In the year 2000 Houston officially exceeded Los Angeles as the city with the worst air quality in the United States. Since then, major research has been underway to characterize the type, extent and sources of air pollutants in and around Houston. The Multi-angle Imaging SpectroRadiometer (MISR) is participating in work underway to study Houston's air quality (see http://www.jpl.nasa.gov/Earth/features/houston.cfm). These MISR views portray Houston and Galveston Bay on September 12, 2002, and display data from three of MISR's nine cameras along with a map of retrieved aerosol optical thickness.
The left-hand panel is a natural-color view from MISR's vertical-viewing (nadir) camera. The center images cover the same geographic area, from the perspectives of the 70-degree forward-viewing and 70-degree backward viewing cameras. The appearance of haze is enhanced in these oblique views, and the overall area appears significantly brighter in the oblique forward view because the atmospheric particles scatter more sunlight into the forward direction. Due to geometric parallax, clouds appear to move relative to the ground as the view angle changes.
At right is a map of aerosol optical depth, a measure of the amount of aerosol present in the atmosphere and one of several key variables used to characterize their climatic and environmental influence. The extent of haze across Galveston Bay can be identified by the presence of light blue and green pixels, and places where clouds or other factors precluded a retrieval are shown in dark grey. MISR uses the changes in the atmosphere's ability to transmit light and the variation in scene brightness at different viewing angles to retrieve aerosol optical depth, and to deduce some information about particle properties, such as size, shape and composition.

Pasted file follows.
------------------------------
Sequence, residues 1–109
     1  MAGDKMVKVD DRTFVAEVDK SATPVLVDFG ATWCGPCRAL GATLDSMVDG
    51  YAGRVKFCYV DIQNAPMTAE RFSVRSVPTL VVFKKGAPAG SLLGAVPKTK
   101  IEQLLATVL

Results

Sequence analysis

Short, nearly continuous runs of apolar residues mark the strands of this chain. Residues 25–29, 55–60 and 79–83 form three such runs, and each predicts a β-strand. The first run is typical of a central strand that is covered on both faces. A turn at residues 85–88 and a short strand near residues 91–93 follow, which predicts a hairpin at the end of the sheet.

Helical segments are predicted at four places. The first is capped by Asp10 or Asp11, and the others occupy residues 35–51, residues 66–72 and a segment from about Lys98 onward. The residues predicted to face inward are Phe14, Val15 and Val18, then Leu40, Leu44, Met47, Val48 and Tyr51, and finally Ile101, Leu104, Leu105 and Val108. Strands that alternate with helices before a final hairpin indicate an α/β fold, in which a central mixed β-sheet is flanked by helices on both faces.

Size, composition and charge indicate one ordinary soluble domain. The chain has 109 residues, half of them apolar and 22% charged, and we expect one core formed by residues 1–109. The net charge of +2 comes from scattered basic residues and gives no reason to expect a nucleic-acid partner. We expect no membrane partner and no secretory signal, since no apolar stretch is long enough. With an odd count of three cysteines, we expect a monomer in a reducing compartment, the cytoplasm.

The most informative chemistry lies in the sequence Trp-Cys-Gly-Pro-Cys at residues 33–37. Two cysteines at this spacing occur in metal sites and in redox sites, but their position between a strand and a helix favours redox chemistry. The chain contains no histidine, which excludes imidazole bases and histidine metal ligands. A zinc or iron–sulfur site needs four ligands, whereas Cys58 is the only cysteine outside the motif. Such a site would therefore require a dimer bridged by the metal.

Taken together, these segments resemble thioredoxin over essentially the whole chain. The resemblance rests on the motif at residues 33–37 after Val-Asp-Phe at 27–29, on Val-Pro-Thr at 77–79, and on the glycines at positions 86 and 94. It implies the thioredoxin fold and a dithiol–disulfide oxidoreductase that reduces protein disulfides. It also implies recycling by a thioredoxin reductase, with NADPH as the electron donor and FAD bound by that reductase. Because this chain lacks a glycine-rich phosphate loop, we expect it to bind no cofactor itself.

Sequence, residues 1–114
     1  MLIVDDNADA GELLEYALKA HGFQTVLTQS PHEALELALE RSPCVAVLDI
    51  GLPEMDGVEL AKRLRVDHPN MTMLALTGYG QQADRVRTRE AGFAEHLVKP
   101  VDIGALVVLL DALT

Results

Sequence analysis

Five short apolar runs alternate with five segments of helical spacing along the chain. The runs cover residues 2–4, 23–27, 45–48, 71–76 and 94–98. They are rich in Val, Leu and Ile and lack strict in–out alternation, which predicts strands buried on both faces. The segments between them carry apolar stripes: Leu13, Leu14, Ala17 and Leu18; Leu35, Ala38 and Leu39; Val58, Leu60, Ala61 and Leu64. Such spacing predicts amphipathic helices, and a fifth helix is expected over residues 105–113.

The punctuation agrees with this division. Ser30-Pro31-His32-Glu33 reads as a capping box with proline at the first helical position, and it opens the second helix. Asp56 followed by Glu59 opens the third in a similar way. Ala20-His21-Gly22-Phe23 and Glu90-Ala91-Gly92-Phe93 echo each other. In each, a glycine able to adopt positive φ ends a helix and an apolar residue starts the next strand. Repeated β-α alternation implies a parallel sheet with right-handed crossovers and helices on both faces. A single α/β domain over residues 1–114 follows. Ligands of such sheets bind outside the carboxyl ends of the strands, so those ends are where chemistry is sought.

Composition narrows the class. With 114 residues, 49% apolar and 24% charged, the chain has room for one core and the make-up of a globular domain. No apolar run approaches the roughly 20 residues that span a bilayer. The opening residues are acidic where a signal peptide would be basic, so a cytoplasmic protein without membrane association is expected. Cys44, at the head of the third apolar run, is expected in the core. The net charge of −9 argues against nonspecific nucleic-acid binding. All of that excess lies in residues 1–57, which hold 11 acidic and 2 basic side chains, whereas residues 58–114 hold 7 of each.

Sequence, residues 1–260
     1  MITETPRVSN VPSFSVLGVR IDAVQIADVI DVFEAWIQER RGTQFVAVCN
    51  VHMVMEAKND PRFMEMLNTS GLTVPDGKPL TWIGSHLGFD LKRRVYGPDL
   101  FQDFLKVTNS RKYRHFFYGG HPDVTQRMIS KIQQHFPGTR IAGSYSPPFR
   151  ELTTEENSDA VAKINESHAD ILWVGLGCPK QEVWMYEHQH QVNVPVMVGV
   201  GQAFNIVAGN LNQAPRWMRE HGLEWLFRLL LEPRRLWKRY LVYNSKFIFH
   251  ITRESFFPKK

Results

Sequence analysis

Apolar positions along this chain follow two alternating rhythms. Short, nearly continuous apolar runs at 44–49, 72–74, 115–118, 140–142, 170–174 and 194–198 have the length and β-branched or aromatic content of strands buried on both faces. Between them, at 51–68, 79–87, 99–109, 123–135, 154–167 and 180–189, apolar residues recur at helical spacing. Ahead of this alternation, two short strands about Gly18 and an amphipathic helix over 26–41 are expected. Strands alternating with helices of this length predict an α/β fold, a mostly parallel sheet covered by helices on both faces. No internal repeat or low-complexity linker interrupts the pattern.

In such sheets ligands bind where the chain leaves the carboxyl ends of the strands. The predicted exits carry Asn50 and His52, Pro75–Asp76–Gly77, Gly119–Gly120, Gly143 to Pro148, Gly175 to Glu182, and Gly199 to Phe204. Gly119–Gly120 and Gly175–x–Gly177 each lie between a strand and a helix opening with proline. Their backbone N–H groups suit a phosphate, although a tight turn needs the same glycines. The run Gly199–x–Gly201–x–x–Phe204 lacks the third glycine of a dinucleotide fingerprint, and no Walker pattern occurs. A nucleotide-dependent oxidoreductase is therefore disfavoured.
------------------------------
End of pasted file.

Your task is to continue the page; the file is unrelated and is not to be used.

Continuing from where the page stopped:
These data are being used as part of the Houston regional air quality study. Airborne pollution particles that contribute to the poor air quality come in part from upwind power plants and petrochemical manufacturing facilities. Over a dozen local observing stations are scattered across the area to monitor air quality. The MISR aerosol data help provide a context into which the particulate pollution sources, the monitoring site observations, and locations downwind, can all be placed.
The Multi-angle Imaging SpectroRadiometer observes the daylit Earth continuously and every 9 days views the entire globe between 82 degrees north and 82 degrees south latitude. These data products were generated from a portion of the imagery acquired during Terra orbit 14553. The panels cover an area of 380 kilometers x 704 kilometers, and utilize data from blocks 65to 69 within World Reference System-2 path 25.
MISR was built and is managed by NASA's Jet Propulsion Laboratory,Pasadena, CA, for NASA's Office of Earth Science, Washington, DC. The Terra satellite is managed by NASA's Goddard Space Flight Center, Greenbelt, MD. JPL is a division of the California Institute of Technology.